LAS VEGAS -- Two of his coaches just got managing gigs. Rays manager Kevin Cash takes no credit for this. On the other hand, why not? He has become the prototype for what every team is seeking in a manager.He's comfortable in the data-driven world in which the Rays operate
LAS VEGAS -- Two of his coaches just got managing gigs. Rays manager Kevin Cash takes no credit for this. On the other hand, why not? He has become the prototype for what every team is seeking in a manager.
He's comfortable in the data-driven world in which the Rays operate and understands its importance to the franchise's success. He also knows the importance of building relationships with players.
In a season during which Tampa Bay reinvented how to utilize pitching staffs while using 54 players -- including 35 rookies -- Cash made it all work seamlessly on the way to 90 wins.
Now, he'll enter the 2019 season -- his fifth -- as the sixth-longest-tenured active manager.
Seems like only yesterday…
"That's amazing to me," he said Monday at the Winter Meetings. "There's a lot of good managers. I know the transition in this game, especially this offseason, with all the jobs that came about, but that's a little odd."
His hiring four years ago raised some eyebrows since he was 36 years old and four years removed from playing his last game. His coaching career was brief.
But the Rays saw him as a perfect fit because of his people skills, smarts and ability to collaborate with analysts. In four years since, everything the Rays hoped he was has been confirmed.
"The person that he is, that we felt so strongly about, that's still the person he is today," said Chaim Bloom, the Rays' senior vice president of baseball operations. "[This job is] so much more than the X's and O's. The tactical part of the job is really important, but so much more of it is about leading the group and learning how to handle people, and really put everybody in position to succeed, especially when you want to do different things tactically."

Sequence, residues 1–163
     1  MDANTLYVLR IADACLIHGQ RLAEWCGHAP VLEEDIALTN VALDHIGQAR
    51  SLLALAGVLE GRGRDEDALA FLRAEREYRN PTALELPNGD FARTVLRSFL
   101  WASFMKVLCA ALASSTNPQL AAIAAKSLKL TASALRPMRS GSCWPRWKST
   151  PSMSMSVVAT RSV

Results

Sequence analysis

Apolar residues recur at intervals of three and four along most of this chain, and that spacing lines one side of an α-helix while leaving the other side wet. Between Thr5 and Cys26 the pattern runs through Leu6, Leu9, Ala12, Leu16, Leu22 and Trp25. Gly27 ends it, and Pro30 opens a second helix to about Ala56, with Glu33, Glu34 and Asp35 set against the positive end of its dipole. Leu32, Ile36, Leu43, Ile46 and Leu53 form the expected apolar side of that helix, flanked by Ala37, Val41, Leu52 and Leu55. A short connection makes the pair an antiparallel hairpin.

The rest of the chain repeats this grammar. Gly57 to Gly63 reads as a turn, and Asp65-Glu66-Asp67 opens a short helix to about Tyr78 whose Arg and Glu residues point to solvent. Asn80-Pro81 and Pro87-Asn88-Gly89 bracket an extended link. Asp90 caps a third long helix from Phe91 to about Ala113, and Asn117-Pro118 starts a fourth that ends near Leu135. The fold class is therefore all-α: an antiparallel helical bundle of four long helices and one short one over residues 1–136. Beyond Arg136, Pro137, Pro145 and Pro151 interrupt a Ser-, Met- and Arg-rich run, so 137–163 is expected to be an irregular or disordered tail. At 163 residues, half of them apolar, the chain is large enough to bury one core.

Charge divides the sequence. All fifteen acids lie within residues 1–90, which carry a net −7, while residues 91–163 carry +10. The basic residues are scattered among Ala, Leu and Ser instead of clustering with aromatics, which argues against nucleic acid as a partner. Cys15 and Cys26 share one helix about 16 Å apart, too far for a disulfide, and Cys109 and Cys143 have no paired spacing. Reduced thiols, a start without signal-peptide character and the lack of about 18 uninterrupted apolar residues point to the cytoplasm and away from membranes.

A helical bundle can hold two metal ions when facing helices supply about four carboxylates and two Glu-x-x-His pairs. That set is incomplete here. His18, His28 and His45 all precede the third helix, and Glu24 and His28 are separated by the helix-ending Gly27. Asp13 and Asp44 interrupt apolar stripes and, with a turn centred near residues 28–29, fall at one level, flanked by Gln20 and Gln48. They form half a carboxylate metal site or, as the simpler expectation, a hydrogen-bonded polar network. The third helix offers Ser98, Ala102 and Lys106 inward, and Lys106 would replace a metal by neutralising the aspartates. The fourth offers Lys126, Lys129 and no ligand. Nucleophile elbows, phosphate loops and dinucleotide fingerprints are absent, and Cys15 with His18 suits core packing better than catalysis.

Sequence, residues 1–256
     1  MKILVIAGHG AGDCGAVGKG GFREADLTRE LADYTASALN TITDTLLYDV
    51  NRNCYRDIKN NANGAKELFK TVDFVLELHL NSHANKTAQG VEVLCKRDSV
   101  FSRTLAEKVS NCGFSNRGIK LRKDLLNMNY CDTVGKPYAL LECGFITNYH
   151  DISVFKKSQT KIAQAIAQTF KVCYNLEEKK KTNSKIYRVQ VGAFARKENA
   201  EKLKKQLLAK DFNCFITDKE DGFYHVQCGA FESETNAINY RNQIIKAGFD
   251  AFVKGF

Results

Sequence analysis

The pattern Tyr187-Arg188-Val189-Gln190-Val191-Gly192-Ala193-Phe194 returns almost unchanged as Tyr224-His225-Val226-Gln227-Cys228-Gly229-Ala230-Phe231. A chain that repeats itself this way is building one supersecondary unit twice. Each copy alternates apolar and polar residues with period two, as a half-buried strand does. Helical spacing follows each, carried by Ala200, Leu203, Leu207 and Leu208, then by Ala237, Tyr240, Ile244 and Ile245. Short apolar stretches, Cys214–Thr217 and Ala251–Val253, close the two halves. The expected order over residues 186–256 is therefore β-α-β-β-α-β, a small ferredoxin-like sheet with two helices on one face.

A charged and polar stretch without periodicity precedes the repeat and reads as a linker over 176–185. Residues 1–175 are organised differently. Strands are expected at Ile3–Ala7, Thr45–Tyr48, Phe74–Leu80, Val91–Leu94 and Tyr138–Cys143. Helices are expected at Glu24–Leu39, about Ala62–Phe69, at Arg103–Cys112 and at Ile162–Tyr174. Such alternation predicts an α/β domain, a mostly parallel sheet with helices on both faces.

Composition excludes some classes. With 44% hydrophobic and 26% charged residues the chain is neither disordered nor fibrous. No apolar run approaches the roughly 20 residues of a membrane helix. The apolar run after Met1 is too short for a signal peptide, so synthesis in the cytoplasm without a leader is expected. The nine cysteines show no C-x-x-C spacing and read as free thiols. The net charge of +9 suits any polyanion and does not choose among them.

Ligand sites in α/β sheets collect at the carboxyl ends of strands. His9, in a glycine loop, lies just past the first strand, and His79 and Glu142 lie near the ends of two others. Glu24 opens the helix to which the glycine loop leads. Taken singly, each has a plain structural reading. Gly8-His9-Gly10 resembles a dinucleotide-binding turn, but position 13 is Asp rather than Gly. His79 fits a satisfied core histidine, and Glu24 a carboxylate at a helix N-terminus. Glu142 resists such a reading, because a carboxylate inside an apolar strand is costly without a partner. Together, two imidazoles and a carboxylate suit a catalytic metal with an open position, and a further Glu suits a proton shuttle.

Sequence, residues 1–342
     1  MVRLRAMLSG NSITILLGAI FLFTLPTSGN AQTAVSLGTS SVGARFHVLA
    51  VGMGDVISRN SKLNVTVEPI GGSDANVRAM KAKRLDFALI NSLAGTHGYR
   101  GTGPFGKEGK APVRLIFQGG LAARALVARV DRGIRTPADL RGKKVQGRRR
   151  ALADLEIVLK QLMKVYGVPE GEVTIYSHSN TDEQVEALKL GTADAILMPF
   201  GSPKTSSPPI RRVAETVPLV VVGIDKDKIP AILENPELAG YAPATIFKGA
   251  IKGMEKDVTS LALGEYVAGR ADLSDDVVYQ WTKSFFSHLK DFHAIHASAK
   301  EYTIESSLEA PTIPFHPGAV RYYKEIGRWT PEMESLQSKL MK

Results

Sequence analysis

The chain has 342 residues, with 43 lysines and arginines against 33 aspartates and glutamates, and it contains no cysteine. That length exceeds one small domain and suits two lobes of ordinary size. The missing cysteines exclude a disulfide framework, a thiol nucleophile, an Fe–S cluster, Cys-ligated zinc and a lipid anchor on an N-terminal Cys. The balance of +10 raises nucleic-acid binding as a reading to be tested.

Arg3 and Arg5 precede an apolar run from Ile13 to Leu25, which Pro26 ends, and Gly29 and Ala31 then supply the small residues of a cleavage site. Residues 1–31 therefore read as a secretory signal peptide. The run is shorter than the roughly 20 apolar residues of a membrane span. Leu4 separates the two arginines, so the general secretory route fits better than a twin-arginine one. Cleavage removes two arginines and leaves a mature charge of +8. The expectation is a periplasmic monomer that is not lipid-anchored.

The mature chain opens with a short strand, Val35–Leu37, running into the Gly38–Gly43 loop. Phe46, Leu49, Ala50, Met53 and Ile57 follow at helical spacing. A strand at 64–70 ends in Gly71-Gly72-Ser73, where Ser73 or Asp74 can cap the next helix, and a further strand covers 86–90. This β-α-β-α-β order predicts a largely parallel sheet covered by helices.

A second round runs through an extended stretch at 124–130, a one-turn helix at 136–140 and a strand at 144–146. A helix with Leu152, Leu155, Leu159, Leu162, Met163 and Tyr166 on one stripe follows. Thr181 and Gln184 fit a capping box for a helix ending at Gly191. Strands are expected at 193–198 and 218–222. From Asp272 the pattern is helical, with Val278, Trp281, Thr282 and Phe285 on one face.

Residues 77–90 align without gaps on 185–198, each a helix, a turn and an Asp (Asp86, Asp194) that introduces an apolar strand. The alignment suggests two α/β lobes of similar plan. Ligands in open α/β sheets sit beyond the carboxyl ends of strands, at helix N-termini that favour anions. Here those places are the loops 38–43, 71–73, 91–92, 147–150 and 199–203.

It was the highest kind of compliment to the Rays and their manager when the Twins (Rocco Baldelli) and Blue Jays (Charlie Montoyo) hired Tampa Bay coaches to be their new managers.
When Cash attended his first Winter Meetings in 2014, he didn't even know what he didn't know.
"It's different. It's different," Cash said. "There's no doubt there's more comfort. I think comfort comes with experience. And this thing here at the Winter Meetings in Vegas, you're going to be more comfortable just because of the atmosphere I think that's created.
"But just the years of managing, the experience, getting to be around so many educated people in the game. You find that balance to where you continue learning, but you also kind of keep in the back of your mind all the stuff that you've learned along the way, and I think gives you some confidence going forward."
The Rangers just hired Dodgers third-base coach Chris Woodward to be their new manager. He and Cash are former workout buddies and teammates.
When asked what he saw in Woodward that indicated he might someday be a manager, Cash remembered an incident in Spring Training when he had not run hard to first base on a pop fly.
"Chris kind of took me in the dugout afterward in a very quiet way and said, 'That's not you. That's not the type of player that you're going to be,'" Cash said. "For a guy to do that with three years' experience, I think you've got a pretty good sense. He knows how to communicate with all players, whether it's a veteran guy or the young player. It had a big impact."
One thing Cash understands is how to embrace baseball's information age and to recognize that the walls that once existed between the front office and clubhouse never made sense.
"We just hired a process and analytics coach in Jonathan Erlichman," Cash said. "All teams are looking for an edge right now. And the traditional way of thought is a great way, but if you can bring that thought with maybe those innovative, out-of-the-box thoughts, I think you're getting the best of both worlds.
"There's a tech conference here [at the Winter Meetings]. We have five, six guys going to that to get more knowledge. Whatever we can do, whatever we can look at, whatever information we can utilize to help our players perform on the field, help them get rest, help them with just the grind of the season, we're going to do it."
Richard Justice has been a reporter for MLB.com since 2011. Read his columns, listen to his podcast and follow him on Twitter at @RichardJustice.